Brazil is reporting more fires in the Amazon so far this year than all of 2021

Brazil is reporting more fires in the Amazon so far this year than all of 2021

View of a burned area of ​​the Amazon rainforest in the Candeias do Jamari region, Rondonia state, northern Brazil, on September 2, 2022.

The number of wildfires in the Brazilian Amazon so far this year has already surpassed that for all of 2021, according to official figures released on Monday, triggering fresh alarm for the world’s largest rainforest.

Satellite monitoring detected 75,592 fires between January 1 and September 18, already higher than the 75,090 detected for all of last year, according to Brazil’s space agency, INPE.

The latest grim news from the rainforest is likely to add to the pressure on President Jair Bolsonaro, who is fighting to win re-election next month and faces international criticism over a spate of destruction in the Amazon under his watch.

Since the far-right agribusiness ally took office in January 2019, average annual deforestation in the Brazilian Amazon has increased by 75 percent over the previous decade, destroying the forest cover of an area nearly the size of Puerto Rico last year.

Experts say the fires in the Amazon are mainly caused by illegal farmers, ranchers and speculators who clear the land and burn the trees.

Despite the advance destruction, the Bolsonaro administration has slashed budgets for environmental enforcement operations and pushed to open protected lands in the Amazon to mining.

Greenpeace Brazil spokesman Andre Freitas called the latest figures a “predicted tragedy”.

“After four years of a clear and objective anti-environmental policy of the federal government, we see that as we approach the end of this government’s mandate – one of the darkest periods ever for the Brazilian environment – land grabbers and other illegal actors. see it as a perfect opportunity to advance the forest,” he said in a statement.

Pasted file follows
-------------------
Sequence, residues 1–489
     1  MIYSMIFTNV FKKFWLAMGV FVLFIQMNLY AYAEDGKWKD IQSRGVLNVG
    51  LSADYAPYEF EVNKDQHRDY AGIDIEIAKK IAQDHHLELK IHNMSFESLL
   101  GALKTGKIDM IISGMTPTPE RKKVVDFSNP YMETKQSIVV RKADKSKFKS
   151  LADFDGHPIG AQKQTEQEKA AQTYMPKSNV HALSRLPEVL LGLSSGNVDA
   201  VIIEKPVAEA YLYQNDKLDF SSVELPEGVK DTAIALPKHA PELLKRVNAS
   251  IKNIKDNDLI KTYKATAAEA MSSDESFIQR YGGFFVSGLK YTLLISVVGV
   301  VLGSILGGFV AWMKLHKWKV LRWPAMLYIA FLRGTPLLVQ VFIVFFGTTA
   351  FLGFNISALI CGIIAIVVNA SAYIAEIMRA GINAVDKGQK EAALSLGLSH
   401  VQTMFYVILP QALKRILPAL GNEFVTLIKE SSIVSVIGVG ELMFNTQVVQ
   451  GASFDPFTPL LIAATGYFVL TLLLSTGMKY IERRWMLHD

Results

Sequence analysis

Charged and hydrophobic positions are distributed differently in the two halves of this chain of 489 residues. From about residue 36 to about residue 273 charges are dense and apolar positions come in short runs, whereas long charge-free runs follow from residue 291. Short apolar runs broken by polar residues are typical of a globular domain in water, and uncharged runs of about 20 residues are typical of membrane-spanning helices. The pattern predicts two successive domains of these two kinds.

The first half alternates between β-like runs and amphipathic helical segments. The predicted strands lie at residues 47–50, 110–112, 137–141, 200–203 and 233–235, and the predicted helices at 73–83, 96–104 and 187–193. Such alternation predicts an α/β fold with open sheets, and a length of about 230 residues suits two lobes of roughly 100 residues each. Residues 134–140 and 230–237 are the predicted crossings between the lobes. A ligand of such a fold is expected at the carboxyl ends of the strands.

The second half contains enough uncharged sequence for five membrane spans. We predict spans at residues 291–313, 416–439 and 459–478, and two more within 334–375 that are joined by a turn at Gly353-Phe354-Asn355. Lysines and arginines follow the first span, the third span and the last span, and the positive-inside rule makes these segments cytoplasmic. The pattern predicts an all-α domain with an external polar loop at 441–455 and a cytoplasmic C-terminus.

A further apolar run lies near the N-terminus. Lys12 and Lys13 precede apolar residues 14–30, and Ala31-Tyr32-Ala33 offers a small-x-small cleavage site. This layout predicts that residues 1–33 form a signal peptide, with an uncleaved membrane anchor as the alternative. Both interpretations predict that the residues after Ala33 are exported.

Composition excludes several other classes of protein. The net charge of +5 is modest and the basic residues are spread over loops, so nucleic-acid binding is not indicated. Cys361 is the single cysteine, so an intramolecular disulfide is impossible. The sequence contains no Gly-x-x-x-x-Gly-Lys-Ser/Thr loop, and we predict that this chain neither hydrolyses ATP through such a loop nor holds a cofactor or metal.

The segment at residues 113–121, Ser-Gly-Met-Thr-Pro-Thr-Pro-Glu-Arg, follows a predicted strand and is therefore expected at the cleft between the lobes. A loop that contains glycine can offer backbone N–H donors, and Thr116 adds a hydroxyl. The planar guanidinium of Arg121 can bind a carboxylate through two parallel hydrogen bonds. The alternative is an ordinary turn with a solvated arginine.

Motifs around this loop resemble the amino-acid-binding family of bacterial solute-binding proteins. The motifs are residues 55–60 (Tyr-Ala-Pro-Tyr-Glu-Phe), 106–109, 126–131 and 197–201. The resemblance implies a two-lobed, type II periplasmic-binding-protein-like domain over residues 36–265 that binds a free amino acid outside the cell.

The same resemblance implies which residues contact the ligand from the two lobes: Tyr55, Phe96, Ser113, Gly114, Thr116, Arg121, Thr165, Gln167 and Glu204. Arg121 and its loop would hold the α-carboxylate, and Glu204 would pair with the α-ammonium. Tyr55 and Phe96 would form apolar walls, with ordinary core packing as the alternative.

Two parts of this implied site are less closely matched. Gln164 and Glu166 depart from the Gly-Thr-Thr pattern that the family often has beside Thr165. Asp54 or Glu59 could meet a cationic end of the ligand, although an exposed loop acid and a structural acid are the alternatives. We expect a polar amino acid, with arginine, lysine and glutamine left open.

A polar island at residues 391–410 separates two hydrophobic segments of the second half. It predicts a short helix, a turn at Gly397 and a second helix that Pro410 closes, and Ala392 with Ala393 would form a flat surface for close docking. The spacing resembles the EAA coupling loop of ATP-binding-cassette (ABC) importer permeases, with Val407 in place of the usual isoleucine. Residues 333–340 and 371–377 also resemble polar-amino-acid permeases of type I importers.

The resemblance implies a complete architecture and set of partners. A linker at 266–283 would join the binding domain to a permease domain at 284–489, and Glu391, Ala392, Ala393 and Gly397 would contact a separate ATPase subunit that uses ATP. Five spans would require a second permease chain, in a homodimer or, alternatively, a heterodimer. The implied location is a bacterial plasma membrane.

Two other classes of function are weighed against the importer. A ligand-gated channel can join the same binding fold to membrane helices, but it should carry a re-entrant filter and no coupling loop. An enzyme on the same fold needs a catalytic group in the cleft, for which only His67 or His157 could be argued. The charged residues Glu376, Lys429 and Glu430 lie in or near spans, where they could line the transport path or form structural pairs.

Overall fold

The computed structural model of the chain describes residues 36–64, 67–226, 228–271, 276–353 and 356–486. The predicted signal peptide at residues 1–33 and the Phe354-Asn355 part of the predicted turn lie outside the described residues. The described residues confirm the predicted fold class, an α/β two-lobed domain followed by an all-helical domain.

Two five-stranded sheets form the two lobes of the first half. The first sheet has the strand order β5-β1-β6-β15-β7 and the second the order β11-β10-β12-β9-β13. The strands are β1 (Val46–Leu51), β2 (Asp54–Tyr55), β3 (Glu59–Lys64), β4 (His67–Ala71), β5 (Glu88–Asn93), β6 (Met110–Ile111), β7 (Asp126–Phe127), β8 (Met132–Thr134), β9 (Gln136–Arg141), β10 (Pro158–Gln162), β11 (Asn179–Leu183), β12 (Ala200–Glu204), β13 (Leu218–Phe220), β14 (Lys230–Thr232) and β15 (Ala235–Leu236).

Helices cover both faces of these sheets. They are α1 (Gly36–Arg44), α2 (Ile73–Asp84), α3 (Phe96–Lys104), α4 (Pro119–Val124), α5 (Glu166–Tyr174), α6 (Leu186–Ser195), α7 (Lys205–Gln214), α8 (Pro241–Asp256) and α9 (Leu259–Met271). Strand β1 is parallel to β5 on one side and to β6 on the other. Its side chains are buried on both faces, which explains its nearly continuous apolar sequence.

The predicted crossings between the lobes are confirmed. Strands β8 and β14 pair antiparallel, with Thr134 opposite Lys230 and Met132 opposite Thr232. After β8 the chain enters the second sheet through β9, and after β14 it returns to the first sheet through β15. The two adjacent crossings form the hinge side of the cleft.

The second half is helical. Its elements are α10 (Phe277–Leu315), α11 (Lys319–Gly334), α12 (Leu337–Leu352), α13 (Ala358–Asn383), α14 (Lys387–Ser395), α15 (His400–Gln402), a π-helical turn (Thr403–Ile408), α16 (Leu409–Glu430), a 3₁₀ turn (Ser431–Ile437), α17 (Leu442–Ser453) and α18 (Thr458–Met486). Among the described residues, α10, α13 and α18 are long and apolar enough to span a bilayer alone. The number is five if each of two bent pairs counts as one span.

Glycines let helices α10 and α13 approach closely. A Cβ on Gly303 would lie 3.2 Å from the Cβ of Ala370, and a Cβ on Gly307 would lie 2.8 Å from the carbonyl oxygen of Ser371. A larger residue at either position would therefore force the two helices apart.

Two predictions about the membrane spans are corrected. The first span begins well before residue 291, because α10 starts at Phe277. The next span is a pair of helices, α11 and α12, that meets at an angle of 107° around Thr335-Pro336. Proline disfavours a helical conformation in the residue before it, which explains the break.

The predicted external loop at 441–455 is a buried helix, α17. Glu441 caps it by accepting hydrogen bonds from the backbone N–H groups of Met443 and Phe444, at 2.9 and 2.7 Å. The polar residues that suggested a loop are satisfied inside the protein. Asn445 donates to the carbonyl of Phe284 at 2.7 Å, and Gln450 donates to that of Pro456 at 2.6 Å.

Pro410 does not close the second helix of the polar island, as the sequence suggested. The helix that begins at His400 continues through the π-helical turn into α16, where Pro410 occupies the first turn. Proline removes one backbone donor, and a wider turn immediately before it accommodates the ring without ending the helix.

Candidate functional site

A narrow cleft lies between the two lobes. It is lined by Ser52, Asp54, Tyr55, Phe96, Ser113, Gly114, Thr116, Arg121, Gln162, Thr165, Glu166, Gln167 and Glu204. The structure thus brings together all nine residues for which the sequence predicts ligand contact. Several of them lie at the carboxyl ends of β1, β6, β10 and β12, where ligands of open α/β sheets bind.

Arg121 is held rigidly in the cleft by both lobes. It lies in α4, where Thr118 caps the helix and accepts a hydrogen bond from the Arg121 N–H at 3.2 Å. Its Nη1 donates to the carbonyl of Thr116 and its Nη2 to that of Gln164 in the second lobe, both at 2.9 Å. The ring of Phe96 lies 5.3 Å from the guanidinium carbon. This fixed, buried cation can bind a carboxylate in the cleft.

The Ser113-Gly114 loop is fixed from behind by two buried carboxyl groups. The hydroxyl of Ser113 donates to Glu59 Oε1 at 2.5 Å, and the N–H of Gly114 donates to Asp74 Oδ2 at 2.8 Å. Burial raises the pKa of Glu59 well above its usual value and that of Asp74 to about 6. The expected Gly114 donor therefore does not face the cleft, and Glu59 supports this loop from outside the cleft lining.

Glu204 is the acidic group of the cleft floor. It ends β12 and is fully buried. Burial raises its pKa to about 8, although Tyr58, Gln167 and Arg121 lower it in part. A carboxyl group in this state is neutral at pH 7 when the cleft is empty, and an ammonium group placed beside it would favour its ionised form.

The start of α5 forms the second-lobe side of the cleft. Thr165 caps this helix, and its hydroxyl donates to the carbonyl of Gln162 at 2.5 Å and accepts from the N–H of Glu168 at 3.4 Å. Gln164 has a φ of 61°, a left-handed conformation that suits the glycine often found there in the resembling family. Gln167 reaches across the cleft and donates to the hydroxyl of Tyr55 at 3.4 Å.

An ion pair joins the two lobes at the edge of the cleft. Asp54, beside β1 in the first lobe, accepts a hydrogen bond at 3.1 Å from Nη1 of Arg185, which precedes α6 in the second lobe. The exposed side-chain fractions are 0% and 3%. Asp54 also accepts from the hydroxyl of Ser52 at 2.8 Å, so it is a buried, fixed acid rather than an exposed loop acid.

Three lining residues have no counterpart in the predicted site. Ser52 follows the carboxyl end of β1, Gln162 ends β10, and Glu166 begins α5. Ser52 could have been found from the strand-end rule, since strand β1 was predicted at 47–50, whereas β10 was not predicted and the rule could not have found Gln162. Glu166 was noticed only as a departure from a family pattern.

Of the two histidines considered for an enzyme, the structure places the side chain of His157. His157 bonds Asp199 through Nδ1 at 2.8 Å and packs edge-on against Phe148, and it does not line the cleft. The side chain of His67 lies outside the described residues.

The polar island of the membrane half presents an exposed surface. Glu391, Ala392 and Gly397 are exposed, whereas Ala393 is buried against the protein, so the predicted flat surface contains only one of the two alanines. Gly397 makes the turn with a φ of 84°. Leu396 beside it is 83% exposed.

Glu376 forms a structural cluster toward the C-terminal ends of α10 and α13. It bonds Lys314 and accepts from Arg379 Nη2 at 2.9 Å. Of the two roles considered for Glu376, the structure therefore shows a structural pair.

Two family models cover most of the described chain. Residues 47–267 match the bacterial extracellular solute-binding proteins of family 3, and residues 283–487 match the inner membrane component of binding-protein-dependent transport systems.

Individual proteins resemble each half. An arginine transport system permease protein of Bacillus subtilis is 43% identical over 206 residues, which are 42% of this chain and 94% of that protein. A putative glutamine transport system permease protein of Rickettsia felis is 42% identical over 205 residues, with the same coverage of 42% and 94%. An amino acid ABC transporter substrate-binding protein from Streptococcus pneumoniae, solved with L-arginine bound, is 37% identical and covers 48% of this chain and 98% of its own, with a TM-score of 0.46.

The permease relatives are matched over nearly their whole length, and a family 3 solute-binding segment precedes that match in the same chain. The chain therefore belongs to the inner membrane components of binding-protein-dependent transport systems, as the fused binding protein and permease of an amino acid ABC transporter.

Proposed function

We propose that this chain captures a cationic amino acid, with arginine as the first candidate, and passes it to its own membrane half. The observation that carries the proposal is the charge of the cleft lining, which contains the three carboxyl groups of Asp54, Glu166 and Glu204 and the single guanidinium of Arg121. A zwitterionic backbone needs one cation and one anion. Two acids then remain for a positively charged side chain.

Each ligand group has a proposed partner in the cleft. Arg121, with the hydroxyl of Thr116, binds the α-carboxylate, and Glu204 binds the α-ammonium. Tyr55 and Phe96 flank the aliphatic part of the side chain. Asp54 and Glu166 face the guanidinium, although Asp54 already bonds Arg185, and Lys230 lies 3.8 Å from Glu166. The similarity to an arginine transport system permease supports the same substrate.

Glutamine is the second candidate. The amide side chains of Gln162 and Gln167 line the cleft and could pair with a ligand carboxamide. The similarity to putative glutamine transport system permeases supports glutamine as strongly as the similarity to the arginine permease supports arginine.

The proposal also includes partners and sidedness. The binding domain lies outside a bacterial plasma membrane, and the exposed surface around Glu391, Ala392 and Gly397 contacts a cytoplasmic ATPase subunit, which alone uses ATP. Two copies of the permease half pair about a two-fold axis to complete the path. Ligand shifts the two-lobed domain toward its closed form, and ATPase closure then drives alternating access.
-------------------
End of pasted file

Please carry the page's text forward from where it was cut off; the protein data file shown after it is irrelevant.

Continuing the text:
The turn of the election year

This has been a worrisome year for the Amazon, a key buffer against global warming.

Deforestation in the Brazilian Amazon last month was almost double that of August 2021, at 1,661 square kilometers (641 square miles).

And since the burning season really started in August, with the arrival of drier weather, the number of fires has increased.

According to INPE figures, it has been several days since the so-called “Fire Day” of August 10, 2019, when farmers launched a coordinated plan to burn huge amounts of clear-cut rainforest in the northern state of Para.

The fires then sent thick, gray smoke as far as Sao Paulo, some 2,500 kilometers (1,500 miles) away, and sparked a global outcry for images of one of Earth’s most vital resources burning.

Bolsonaro vehemently rejects this criticism, insisting that Brazil “protects its forests much better than Europe” and brushes off international alarm with the following line: “The Amazon belongs to Brazilians and always will.”

Former leftist President Luiz Inacio Lula da Silva, who is vying to unseat him in next month’s presidential election, has vowed to do a better job protecting the Amazon.

Deforestation in 60 percent of the Amazon basin fell sharply under Lula, from nearly 28,000 square kilometers in 2004 to 7,000 in 2010.

However, he faced criticism from environmentalists for his own record, which notably included the controversial decision to build the huge Belo Monte hydroelectric dam in the Amazon.

And the highest number of fires ever recorded in the Brazilian Amazon by INPE, whose records date back to 1998, was under its watch: 218,637 in 2004.

Brazil records worst day for Amazon fires in 15 years

© 2022 AFP

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